When Catholics affirm the ‘meritorious’ character of good works, they wish to say that, according to the biblical witness, a reward in heaven is promised to these works. Their intention is to emphasize the responsibility of persons for their actions, not to contest the character of those works as gifts or far less to deny that justification remains the unmerited gifts of grace […] When [Lutherans] view the good works of Christians as the fruts and signs of justification and not as one’s own ‘merits,’ [they] nevertheless also understand eternal life in accord with the New Testament as unmerited ‘reward’ in the sense of the fulfillment of God’s promise to the believer (paragraphs 38-39).
The point is that different sensibilities concerning the word “merit” have led to quite different affirmations about it. Upon closer examination, however, these affirmations turn out not to be contradictory. Catholics speaking about merit in no way intend to deny the utterly gratuitous nature of justification in Jesus Christ; Lutherans denying that good deeds are meritorious in no way intend to reject what the New Testament teaches about God’s reward and about the responsibility of believers to produce fruits worthy of salvation. Pope John Paul II, in Ut Unum Sint, par. 38, wrote that one of the benefits of dialogue is the discovery that formulations once considered in opposition are sometimes instead merely “the result of two different ways of looking at the same reality.” When the Catholic Church officially approved the joint declaration on justification, it was stating that such an unmasking has occurred with regard to that particular doctrine.
The joint declaration is a fine example of two principles which gained new clarity at Vatican II, the principle of the hierarchy of truths and the principle that a plurality of formulations is possible in expressing revealed truth. First of all, the Joint Declaration nicely illustrates the hierarchy of truths by going to the very heart of the doctrine of justification, as expressed in the short statement quoted above, and then addressing subsidiary questions like those concerning the “assurance of salvation” or “merit” in light of that more central doctrine. Not only this, but the declaration seeks to situate the doctrine of justification in relation to the whole range of biblical teachings about salvation in Christ as well as in relation to the whole range of Christian doctrine. When the doctrine of the hierarchy of truths first appeared in Vatican II’s decree on ecumenism in 1964, many thought it might allow for doctrinal unity based upon a reduced number of truths. What one sees in the Joint Declaration, in contrast, is a promising and unexpected use of this principle in a way that denies no doctrine but allows for a more accurate reading of what once seemed to be contradictory positions but which now can be acknowledged as compatible.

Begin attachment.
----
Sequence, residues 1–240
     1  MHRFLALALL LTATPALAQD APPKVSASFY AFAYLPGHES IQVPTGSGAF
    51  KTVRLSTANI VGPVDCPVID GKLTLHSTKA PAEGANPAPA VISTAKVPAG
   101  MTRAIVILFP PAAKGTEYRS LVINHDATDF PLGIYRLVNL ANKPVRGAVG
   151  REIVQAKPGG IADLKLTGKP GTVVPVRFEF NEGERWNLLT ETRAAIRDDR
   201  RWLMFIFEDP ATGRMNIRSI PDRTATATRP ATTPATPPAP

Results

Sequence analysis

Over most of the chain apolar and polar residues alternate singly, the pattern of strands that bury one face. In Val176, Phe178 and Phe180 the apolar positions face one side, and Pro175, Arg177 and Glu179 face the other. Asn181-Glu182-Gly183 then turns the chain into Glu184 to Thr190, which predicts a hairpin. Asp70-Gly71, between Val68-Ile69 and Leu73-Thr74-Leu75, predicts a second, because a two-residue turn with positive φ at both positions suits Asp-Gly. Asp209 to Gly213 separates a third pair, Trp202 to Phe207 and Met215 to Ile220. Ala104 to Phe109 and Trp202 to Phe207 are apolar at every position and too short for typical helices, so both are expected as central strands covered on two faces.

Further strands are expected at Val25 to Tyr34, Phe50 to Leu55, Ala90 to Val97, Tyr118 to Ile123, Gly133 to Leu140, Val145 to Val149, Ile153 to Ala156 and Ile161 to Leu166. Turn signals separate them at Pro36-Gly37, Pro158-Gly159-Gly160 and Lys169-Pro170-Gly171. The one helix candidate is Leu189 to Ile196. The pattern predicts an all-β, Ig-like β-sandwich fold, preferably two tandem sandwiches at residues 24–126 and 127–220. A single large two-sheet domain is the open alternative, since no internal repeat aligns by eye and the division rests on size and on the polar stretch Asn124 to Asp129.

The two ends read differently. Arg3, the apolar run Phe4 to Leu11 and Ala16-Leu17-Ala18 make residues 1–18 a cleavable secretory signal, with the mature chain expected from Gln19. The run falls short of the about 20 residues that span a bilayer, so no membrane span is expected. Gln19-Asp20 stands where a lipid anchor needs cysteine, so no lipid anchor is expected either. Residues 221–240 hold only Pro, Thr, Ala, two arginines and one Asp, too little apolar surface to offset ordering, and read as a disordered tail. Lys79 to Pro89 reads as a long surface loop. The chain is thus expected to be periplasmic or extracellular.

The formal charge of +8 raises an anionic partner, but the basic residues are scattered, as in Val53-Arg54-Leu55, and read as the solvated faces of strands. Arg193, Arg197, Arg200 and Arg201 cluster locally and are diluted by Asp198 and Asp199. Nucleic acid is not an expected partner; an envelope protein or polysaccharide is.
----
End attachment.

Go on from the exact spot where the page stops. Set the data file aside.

The other principle is that enunciated by John XXIII at the opening of the council and reiterated by the constitution Unitatis redintegratio which distinguishes between the real content of a doctrine and its time-conditioned formulation (UUS 18, 38). Of course, there is a lasting truth expressed in any solemn teaching of the Church and a perennial normativity to the formulation in which it is expressed. At the same time, the teaching of Thomas Aquinas, Bonaventure and many other scholastic theologians that the actus credentis terminatur non ad enuntiabile sed ad rem – that the act of the believer is not directed to the proposition but to the reality – confirms that Pope John was not creating ex nihilo some new and outrageous principle. Indeed, one of the first texts produced by the newly formed International Theological Commission was on the theme of Unity in Faith and Theological Pluralism. Its very first thesis states that the ultimate cause of plurality in the expression of the faith is to be found in the mystery of Jesus Christ himself, who is the one and only savior of all peoples. Since no human expression is exhaustively adequate to the mystery of salvation in Christ, a variety of formulations and approaches is not only possible but may be desirable. The joint declaration seems to reflect quite directly this insight. It means also that the principle motive for the divisions at the time of the 16th century reformation has been overcome.